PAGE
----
Arthur Dimmesdale: A Short Story

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Arthur Dimmesdale had caught Marie Nefar’s attention back when they were merely children. He had repeatedly asked her to play with him and his friends in the woods, despite the constant scolding he’d receive from her mother, reminding him of how little girls should never dirty their clothes by monkeying around. He had, of course, eventually stopped asking, but her fascination with him never ceased. She continued to gaze at him from afar as they grew up, and was able to recognize the days when his baby fat was finally shed and his features finally sharpened. She saw how he thinned and matured, and she couldn’t help but let her heart throb with longing and envy when she saw him share laughs with other girls their age. He had long forgotten about…show more content…
As he walked around town, those observing him could see the paleness that once overtook his skin had receded. He no longer resembled death, yet it seemed as though there was something different about him. He smiled at everyone he passed, but Marie knew each smile shared was nothing but forced. It was after the church service on Sunday morning when Marie overheard the reverend speaking to an acquaintance of his. “Hello Edward, how are you feeling this morning?” He greeted with feigned enthusiasm, yet one wouldn’t be able to tell unless they knew the way he acted on a regular day. “I am feeling quite well, thank you. You’ve made a remarkable recovery from your illness - what was it that you had caught?” Edward stared at Dimmesdale, waiting for an…show more content…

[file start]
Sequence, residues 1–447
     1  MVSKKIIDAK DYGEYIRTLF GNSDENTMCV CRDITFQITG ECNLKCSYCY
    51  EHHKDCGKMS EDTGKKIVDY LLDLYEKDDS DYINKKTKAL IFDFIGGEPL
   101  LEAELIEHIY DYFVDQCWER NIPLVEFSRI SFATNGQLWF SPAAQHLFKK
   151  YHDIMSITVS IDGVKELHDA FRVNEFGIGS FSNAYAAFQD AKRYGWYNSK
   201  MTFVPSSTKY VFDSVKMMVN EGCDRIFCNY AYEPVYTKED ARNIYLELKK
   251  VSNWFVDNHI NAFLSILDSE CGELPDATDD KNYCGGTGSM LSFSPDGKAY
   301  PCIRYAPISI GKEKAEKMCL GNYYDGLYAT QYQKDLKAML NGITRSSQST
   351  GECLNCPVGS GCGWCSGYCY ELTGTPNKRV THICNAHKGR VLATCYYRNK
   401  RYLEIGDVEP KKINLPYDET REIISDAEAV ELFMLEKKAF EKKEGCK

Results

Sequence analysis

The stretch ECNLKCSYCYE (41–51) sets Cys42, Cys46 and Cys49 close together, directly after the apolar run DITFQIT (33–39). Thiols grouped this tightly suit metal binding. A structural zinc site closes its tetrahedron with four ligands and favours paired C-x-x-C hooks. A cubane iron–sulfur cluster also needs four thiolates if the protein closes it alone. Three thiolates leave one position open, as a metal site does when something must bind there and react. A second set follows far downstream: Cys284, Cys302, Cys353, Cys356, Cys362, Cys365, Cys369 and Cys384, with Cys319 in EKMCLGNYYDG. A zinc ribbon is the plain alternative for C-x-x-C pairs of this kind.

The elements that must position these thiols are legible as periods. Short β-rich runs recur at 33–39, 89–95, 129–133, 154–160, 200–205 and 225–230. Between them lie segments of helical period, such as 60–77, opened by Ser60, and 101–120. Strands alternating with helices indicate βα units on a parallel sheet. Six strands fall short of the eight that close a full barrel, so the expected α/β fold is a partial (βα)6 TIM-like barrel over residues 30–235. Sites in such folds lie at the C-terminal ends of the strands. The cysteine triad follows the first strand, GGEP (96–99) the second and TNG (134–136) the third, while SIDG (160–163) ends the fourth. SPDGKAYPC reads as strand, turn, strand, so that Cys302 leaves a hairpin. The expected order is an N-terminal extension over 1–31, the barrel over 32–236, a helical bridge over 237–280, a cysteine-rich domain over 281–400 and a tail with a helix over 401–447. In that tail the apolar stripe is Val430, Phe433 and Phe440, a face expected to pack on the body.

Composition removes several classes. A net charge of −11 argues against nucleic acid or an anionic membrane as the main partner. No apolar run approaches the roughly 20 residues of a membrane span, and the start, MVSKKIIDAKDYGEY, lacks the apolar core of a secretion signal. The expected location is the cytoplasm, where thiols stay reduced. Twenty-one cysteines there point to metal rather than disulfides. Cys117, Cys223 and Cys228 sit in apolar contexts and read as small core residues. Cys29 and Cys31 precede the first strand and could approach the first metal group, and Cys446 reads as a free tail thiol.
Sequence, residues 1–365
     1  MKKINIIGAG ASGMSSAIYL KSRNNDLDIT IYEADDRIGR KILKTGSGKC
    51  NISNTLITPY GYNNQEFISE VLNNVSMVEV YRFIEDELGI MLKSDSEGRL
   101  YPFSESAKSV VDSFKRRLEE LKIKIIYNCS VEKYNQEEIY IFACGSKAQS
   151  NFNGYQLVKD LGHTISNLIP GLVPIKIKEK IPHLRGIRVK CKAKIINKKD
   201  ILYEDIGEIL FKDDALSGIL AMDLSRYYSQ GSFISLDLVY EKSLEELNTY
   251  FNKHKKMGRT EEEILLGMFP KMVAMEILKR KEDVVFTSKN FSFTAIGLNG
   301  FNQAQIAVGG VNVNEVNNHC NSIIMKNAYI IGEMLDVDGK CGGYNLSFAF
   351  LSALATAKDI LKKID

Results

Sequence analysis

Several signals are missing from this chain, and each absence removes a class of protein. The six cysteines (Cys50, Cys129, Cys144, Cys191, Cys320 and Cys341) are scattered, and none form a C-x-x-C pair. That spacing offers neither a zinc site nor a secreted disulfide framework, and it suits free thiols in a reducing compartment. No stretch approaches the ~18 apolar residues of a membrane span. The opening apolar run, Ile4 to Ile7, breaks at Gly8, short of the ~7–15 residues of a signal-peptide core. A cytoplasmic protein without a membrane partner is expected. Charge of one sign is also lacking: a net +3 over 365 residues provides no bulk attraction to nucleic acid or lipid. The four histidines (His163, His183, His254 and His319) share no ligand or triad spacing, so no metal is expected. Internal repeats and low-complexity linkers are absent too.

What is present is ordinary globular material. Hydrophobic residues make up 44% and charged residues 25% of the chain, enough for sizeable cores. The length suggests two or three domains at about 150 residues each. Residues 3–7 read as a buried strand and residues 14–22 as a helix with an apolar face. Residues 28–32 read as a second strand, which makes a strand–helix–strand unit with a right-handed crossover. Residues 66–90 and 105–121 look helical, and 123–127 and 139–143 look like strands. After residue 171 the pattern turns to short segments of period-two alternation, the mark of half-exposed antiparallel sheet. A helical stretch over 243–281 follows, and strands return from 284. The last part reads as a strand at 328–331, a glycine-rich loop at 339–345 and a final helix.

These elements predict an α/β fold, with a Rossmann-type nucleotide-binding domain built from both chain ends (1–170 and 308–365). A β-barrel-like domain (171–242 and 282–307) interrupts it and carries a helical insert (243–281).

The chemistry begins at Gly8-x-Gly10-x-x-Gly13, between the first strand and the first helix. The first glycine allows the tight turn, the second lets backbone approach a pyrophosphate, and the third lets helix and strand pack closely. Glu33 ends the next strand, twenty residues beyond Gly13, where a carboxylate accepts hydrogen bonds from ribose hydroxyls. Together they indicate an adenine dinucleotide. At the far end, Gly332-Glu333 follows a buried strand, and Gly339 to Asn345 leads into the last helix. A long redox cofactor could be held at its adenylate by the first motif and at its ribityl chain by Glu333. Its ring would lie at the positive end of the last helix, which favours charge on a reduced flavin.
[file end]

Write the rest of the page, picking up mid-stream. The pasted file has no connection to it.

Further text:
Marie remembers the day she and her friends witnessed Hester standing in front of the town, the disgraceful letter adorning her chest, and the shameful child crying in her arms. Her friends were arguing in regardance of whether or not the scarlett letter was an appropriate punishment. One believed it would bear her a great burden throughout her life, but the others felt as though the punishment was insufficient and that a harsher one should be put in place. She said nothing, and instead chose to watch Hester as she climbed up the steps. She should have seen a connection then, between Dimmesdale and Hester, but instead she had been naive. She had been played, along with the rest of the town, and she would not stand for

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